In 2015, Chris Blowes was surfing off the South Australia coast when an 18-foot great white shark attacked him. Blowes, 32, lost his leg and was in a coma for 10 days. The police officers who found his surfboard pulled out one of the shark’s teeth and, as required by South Australia law, delivered it to the proper authorities. Since then, Blowes has been asking for the tooth to keep as a “souvenir.” From the BBC:
Under the state’s Fisheries Management Act, it is illegal to possess, sell or purchase any part of white sharks – and those who breach the law can face a fine of up to A$100,000 (£55,000) or two years in prison.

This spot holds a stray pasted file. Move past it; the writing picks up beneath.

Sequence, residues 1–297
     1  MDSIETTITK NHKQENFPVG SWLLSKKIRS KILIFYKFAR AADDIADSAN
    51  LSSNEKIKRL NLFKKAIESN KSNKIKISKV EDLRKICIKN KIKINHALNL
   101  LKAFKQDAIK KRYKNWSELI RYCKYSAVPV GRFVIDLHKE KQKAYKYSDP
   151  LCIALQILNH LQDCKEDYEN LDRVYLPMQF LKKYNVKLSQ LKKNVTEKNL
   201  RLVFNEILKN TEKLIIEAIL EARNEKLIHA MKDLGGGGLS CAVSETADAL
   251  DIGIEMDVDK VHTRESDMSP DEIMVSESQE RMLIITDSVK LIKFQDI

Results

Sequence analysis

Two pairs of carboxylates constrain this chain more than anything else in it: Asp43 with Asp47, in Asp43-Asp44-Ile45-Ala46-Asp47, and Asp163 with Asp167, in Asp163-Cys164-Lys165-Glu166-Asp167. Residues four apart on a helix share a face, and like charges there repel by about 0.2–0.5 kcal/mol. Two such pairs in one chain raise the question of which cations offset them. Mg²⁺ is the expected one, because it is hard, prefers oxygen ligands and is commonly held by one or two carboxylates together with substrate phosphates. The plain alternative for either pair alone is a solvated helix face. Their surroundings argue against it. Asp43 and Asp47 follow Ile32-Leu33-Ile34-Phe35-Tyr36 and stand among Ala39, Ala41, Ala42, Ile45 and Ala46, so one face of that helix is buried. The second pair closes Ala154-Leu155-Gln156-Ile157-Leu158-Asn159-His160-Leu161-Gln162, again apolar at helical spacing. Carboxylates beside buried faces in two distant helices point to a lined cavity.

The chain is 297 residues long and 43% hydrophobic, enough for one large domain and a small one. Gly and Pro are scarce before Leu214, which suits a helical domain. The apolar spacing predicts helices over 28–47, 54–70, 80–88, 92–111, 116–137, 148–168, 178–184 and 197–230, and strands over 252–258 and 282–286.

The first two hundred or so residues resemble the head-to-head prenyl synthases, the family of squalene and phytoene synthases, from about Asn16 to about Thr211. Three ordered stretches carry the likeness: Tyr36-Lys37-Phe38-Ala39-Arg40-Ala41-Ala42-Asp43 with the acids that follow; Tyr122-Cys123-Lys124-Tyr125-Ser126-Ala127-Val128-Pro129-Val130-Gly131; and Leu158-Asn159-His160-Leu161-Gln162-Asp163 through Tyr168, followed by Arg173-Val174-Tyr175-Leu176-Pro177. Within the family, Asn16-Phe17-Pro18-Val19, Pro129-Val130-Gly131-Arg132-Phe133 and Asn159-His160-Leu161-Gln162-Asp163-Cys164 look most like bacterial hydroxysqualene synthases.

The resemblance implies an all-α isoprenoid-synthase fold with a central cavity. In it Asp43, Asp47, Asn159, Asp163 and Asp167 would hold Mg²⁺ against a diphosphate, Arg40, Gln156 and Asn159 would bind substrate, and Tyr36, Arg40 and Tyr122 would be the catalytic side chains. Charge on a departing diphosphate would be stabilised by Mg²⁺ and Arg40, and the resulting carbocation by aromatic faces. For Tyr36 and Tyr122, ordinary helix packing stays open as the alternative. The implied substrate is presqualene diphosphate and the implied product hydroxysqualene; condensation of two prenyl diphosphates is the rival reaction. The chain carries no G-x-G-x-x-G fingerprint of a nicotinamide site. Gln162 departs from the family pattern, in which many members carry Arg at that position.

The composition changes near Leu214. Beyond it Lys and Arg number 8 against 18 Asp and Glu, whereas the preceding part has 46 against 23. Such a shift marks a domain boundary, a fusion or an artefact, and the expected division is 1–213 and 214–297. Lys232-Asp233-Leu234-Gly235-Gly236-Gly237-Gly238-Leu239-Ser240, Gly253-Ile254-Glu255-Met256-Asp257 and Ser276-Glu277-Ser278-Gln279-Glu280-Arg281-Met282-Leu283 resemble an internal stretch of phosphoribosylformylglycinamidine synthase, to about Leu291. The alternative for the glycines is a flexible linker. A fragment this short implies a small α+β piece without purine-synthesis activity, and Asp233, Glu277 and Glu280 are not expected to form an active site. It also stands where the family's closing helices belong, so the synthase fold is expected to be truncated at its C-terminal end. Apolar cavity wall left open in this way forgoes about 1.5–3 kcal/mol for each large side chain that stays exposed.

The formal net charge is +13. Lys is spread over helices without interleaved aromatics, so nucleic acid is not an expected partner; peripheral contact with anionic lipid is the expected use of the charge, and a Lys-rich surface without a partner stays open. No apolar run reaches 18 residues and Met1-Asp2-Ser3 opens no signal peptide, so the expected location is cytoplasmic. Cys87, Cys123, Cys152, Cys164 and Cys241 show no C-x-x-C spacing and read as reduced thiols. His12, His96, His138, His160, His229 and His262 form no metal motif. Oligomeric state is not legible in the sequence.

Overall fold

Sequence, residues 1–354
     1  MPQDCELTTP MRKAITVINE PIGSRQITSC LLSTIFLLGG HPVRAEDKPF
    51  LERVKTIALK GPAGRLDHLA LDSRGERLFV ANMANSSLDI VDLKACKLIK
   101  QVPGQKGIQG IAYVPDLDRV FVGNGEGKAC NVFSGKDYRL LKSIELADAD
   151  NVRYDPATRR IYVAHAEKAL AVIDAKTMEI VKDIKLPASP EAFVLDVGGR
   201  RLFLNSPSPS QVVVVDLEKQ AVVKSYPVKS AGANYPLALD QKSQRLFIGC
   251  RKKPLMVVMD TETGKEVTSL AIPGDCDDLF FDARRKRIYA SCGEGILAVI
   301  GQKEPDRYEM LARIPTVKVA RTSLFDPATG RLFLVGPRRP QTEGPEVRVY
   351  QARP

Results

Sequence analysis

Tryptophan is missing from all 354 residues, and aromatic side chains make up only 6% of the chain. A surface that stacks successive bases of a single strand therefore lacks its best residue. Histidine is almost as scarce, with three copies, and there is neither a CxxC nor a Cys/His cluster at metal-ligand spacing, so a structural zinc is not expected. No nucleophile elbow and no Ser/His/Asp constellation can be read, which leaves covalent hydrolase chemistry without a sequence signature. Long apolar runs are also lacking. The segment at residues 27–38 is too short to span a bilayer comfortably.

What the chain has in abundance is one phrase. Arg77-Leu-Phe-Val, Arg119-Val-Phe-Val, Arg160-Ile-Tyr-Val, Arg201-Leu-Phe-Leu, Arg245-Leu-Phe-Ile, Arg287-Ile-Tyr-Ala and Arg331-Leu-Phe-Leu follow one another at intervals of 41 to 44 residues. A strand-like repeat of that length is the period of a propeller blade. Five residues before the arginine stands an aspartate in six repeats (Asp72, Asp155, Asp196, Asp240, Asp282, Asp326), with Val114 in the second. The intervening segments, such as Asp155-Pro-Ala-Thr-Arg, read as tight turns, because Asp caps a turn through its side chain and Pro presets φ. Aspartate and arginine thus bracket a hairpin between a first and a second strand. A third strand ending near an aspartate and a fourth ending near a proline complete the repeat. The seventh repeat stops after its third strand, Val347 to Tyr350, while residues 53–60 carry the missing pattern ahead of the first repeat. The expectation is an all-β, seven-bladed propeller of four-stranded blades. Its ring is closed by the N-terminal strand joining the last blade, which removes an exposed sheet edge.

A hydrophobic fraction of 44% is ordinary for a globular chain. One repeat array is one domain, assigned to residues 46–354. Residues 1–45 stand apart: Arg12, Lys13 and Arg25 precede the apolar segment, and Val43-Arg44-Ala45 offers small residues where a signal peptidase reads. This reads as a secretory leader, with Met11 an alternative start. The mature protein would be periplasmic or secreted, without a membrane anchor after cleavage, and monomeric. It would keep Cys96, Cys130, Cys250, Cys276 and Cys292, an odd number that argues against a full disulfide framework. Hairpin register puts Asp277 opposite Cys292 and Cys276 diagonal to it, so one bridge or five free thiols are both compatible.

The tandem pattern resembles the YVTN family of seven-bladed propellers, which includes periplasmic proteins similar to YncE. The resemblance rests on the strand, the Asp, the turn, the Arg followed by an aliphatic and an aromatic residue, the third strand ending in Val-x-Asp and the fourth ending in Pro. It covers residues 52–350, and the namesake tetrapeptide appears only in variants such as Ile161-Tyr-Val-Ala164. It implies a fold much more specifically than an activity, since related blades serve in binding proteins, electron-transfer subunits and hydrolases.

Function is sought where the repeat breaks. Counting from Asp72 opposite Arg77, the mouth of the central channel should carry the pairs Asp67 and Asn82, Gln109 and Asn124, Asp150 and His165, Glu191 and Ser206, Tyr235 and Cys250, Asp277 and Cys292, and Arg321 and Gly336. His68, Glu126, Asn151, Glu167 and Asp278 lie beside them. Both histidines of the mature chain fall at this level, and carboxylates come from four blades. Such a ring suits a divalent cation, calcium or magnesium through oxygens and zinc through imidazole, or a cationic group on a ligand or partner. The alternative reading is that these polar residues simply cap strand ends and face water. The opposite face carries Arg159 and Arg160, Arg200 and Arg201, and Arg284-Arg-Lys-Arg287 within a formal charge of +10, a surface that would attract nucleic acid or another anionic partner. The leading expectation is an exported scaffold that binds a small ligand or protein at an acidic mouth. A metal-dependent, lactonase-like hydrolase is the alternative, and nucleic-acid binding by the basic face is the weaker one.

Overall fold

Mr Blowes says he asked officials several times if he could have the tooth returned, but it was only after a local politician heard about his case that an exemption was granted]…]
“The shark isn’t getting its tooth back [and] I’m not getting my leg back” […]
“It’s a good souvenir to show my grandchildren,” he says.